|COMMENT Diane Weaver|
The West Virginia public education system is in crisis, but few are using the crisis word. It didn't happen overnight.
The state just received a failing grade, when it comes to achievement by kindergarten through 12th graders, for the third year in a row by Education Week.
The "F" score from the magazine joins a number of widely-recognized national education organizations, including the Nation's Report Card, that puts West Virginia's educational outcomes near the bottom.
While there's a tendency to blame local school boards and systems, for the most part, they are at the mercy of the state bureaucracy. But few of them have become outraged by being on the sinking ship.
Calhoun Superintendent of Schools Roger Propst says, "Rural counties like Calhoun, many
that do not have levies, frequently struggle to employ teachers to replace
multitudes of retirees, especially in critical needs areas such as math and
science. This results in having to rely on out-of-field teachers on permit,
or long-term substitutes to fill the gaps."
While Education Week gives West Virginia failing grades for student's educational achievement, it ranks the state's school system in the top 10 in the country based on administrative policy efforts and assessments.
Less than 19% of the state's 15-year-olds are proficient in math, according to the Program for International Student Assessment, only three percent of eight graders considered "advanced," the worst rating in the nation.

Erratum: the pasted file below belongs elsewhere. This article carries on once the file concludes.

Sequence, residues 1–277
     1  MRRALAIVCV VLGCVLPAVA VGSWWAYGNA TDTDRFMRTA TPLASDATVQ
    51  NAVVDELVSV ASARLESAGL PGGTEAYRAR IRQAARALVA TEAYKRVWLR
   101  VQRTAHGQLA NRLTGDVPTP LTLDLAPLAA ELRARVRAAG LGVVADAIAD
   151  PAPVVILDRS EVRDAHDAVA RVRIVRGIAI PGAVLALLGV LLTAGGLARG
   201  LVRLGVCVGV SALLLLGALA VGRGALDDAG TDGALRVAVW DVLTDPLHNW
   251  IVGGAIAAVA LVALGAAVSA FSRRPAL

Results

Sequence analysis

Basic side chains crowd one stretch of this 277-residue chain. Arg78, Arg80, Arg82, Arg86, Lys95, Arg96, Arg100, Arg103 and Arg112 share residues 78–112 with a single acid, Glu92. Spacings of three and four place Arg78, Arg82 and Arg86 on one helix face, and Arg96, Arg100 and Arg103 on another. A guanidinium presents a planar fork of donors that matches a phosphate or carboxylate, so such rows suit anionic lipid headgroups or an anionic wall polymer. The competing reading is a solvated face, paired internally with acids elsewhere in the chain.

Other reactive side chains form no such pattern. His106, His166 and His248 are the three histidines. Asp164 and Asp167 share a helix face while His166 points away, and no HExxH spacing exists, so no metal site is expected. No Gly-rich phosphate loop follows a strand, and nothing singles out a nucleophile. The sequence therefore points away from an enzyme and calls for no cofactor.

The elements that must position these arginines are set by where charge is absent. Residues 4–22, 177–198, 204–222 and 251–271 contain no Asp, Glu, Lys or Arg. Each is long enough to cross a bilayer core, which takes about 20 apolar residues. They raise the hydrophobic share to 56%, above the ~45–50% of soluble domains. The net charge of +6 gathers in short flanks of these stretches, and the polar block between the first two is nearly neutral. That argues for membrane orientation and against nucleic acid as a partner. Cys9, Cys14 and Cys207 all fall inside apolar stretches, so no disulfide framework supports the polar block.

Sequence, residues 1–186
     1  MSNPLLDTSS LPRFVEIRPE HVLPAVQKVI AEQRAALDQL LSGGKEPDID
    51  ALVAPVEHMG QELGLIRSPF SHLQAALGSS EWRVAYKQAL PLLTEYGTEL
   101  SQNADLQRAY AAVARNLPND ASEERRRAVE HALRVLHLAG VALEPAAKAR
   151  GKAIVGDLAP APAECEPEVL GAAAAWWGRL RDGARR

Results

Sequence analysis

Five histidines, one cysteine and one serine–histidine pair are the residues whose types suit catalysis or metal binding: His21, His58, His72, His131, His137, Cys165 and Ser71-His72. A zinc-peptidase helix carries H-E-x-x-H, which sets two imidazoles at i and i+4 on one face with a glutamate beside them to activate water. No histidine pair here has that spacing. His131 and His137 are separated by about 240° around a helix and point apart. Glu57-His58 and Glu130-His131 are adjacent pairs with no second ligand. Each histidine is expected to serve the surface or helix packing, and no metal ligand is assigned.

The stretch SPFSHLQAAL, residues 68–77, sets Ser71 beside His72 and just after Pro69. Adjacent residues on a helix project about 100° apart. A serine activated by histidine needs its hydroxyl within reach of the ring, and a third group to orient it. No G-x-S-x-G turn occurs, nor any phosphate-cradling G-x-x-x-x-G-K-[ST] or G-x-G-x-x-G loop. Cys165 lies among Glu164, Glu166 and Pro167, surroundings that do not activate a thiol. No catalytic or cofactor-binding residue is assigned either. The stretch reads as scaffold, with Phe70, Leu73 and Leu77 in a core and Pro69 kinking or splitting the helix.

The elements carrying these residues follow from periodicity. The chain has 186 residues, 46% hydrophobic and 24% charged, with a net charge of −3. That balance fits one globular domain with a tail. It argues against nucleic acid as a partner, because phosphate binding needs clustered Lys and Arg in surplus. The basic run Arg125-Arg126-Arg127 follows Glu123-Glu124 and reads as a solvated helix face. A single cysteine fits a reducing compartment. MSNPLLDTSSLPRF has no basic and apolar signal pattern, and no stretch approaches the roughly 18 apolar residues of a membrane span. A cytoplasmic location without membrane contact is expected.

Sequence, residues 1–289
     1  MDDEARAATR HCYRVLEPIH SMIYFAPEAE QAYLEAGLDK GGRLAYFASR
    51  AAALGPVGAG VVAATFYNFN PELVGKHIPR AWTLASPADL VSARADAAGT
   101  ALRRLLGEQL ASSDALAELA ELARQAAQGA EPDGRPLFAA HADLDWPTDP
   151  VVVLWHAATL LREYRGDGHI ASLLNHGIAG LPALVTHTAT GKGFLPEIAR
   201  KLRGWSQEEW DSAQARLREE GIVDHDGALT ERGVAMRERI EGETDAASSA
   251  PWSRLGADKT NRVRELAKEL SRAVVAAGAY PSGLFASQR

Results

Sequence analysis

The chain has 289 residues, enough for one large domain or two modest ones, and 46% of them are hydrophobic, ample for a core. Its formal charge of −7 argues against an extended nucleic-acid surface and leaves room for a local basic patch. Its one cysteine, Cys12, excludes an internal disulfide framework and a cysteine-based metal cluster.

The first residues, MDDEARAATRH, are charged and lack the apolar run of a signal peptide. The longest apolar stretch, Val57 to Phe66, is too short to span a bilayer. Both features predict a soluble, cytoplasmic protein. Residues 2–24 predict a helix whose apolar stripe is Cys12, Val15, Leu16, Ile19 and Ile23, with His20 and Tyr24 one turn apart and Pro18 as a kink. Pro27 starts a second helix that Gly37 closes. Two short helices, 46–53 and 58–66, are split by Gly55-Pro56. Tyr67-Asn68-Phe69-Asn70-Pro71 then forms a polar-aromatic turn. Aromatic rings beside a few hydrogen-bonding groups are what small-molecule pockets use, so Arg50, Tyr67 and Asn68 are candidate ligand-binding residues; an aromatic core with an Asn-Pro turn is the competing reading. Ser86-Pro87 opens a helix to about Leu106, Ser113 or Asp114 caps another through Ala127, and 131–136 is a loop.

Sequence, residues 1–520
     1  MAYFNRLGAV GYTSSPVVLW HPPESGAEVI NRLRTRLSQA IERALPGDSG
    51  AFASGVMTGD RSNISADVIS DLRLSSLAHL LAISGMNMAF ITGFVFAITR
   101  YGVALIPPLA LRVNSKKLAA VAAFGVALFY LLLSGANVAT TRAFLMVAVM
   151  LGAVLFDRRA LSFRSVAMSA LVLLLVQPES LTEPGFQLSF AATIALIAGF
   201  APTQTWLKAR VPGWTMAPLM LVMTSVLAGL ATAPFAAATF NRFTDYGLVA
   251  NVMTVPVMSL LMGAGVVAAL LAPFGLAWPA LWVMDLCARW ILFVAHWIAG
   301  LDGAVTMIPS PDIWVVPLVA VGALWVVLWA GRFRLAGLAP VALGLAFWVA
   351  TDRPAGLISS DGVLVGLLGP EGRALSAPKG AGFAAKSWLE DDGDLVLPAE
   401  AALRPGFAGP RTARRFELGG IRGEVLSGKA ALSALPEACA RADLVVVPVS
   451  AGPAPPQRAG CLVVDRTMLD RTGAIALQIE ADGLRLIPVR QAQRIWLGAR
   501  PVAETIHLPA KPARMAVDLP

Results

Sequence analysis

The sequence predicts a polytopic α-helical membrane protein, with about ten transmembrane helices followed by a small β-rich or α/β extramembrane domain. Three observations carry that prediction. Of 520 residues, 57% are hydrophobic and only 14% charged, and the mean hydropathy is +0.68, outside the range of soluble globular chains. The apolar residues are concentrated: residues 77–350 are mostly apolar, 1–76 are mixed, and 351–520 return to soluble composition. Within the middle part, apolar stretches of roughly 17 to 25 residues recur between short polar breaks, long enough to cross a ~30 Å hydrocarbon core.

There are lots of things in crisis, crisis "wars" on just about everything, except education.
While most state legislators, US senators and congressional representatives are taking strong "crisis" political stands on guns, the "fiscal cliff," and the so-called war on depleting coal - West Virginia ranks 49th of 50 states in science and engineering readiness.
Help to increase the knowledge base in the Mountain State hasn't come in bringing real broadband to the state. By most accounts it remains near the bottom in access.
With outcome scores in the USA, West Virginia is dead last in fourth and eighth-grade reading proficiency tests.
With the ACT test for college entrance, the state is 13 points behind the rest of the states, and those rankings are not good.
One-fourth of West students drop high school before graduating, those are often individuals who become drug and alcohol addicted, landing in legal trouble.
The current national average for students with high Advanced Placement scores is about 22. West Virginia's is about 9.
West Virginia, however, ranked as third-best in the country when it comes to standards, assessments and accountability, in which the report measures state policies to ensure students' progress is being appropriately evaluated.
Gov. Earl Ray Tomblin called for improvement from the state's system in his State of the State address.
Since this has not been declared a "crisis," there is plenty of elbow room to make a few changes.
See related story ED-WATCH: State Board Proposing County Option Year 'Round School - State Officials Say They Will Fix Broken System